Red Strings Club review

Get wrapped up in this string.

When you play a short choice-focused narrative game like The Red Strings Club, there are typically two different ways you can take things. You can play through once, make your choices, see their outcomes, then stop there and lock that playthrough in as your personal ‘canon.’ This is what happened when you played the game, and while there were other possibilities, seeing them would upset your idea of personal autonomy over events. There are no do-overs in life, after all, and you don’t want your choices to have meant less by unmaking them.

The other way is to mine a game for all its possibilities, to see just how many ways things can play out. Sometimes this breaks the game a bit as you come to realize how little control you had over events and sequences; other times, it’s the entire point of the game (like the Zero Escape series, which is hyper-focused on going back and trying again). There are wikis, usually, that can answer that niggling ‘what would have happened if I had picked the second option’ question, but sometimes you want to have that experience yourself.

For this review, I played through The Red Strings Club twice, making liberal use of the handy ‘fast forward’ button on the second playthrough to skip through repeated dialog. This is, I think, the minimum number that the developers probably intended, as I came away with enough answers to feel like I was better off waiting until the game came out and talking with other players to find out what I missed.  As I write this, though, the temptation is there to dive in a third time and see what else I can dig up, which is rare for me -- I’m usually a one-and-done player.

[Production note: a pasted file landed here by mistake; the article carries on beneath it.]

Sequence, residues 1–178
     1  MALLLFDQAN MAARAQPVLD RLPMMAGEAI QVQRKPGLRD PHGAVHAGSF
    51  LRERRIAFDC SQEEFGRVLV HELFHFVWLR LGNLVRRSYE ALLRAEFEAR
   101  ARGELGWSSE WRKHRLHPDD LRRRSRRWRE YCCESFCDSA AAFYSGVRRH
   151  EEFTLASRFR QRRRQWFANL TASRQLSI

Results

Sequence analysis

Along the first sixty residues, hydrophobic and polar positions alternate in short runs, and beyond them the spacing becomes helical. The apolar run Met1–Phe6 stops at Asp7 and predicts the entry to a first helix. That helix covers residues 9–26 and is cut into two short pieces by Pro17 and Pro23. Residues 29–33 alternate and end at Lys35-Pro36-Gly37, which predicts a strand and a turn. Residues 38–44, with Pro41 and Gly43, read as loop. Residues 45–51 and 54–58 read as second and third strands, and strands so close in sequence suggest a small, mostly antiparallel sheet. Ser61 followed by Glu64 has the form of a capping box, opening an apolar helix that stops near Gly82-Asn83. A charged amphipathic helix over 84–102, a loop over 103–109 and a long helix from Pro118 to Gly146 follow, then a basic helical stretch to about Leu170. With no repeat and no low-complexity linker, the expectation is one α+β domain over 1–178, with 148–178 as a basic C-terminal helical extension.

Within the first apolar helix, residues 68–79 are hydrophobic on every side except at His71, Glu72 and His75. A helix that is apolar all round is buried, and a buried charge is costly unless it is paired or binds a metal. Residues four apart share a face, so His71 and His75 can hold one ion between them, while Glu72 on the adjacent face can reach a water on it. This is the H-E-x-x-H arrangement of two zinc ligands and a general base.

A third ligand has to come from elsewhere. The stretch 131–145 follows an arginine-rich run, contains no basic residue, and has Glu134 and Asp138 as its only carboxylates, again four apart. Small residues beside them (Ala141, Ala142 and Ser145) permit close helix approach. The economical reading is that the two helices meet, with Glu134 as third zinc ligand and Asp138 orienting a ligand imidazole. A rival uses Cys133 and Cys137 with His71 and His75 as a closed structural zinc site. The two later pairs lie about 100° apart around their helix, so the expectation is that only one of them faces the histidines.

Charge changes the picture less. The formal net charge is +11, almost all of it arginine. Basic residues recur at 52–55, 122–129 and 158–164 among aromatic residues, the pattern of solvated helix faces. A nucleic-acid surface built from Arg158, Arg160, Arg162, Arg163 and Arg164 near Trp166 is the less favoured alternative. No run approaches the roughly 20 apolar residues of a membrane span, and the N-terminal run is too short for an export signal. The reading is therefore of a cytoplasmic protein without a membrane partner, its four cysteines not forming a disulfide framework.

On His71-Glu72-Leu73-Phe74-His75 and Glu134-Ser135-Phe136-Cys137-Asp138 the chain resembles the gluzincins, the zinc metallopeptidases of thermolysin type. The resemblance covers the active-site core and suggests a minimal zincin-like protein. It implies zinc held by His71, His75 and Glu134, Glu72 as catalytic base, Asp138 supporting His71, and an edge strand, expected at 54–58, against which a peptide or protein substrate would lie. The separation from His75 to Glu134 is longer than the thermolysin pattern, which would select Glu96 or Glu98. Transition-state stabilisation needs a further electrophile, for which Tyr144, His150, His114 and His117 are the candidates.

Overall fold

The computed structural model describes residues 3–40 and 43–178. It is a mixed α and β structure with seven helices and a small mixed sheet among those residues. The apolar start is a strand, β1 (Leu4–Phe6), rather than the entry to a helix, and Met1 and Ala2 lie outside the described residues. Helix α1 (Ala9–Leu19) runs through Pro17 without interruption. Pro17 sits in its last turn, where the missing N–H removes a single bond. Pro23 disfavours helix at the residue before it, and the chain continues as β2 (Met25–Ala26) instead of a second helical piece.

The Red Strings Club was developed by Deconstructeam, the small independent studio behind Gods Will Be Watching. That was a conceptually fascinating game that punished players a little too hard for many of them to stick with it (although a later patch reportedly addressed this). It was the sort of game that, even if you didn’t like it, hinted at team with a strong sense of creative vision, one capable of something more. Red Strings, happily, is something more.

The game depicts a cyberpunk near-future in which a small band of loosely-connected rebels investigate troubling new programs being developed by a company that specializes in augmentations and AI programs. They find…well, to be honest, how you’d define what they discover depends very much on your perspective on certain issues of technology and human rights, and is not worth spoiling here. There’s very little puzzle-solving here, with most of the gameplay coming down to simply making choices in dialogue.

Your choices will, unless I’m very mistaken, always lead to the same final moment -- something the game is very upfront about. But up until then they can dramatically change both what you know and how various members of the game’s small cast feel about each other.

The game is divided into discrete chunks. Most of the time you’re playing as the mysterious bartender Donovan, serving drinks to customers (most of whom, conveniently enough, work for the massive corporation you’re investigating) that influence how they’ll respond to the questions and statements you make. Your objectives are to uncover information and influence people, but the methods you employ to do so will depend largely on whether you click on box A, B, or C when a certain question is asked of you. Sequences outside the bar are ever-so-slightly more puzzle-focused, but it’s never about figuring out how to solve a puzzle, more about deciding how you want to solve it -- which is to say, it’s the parts of your brain that decide moral imperatives and interpret emotions that will be engaged by the puzzles, rather than your ability to sort matchsticks or slide boxes. In many ways, Deconstructeam is building on its work from Gods Will Be Watching, but the jagged edges have been smoothed off.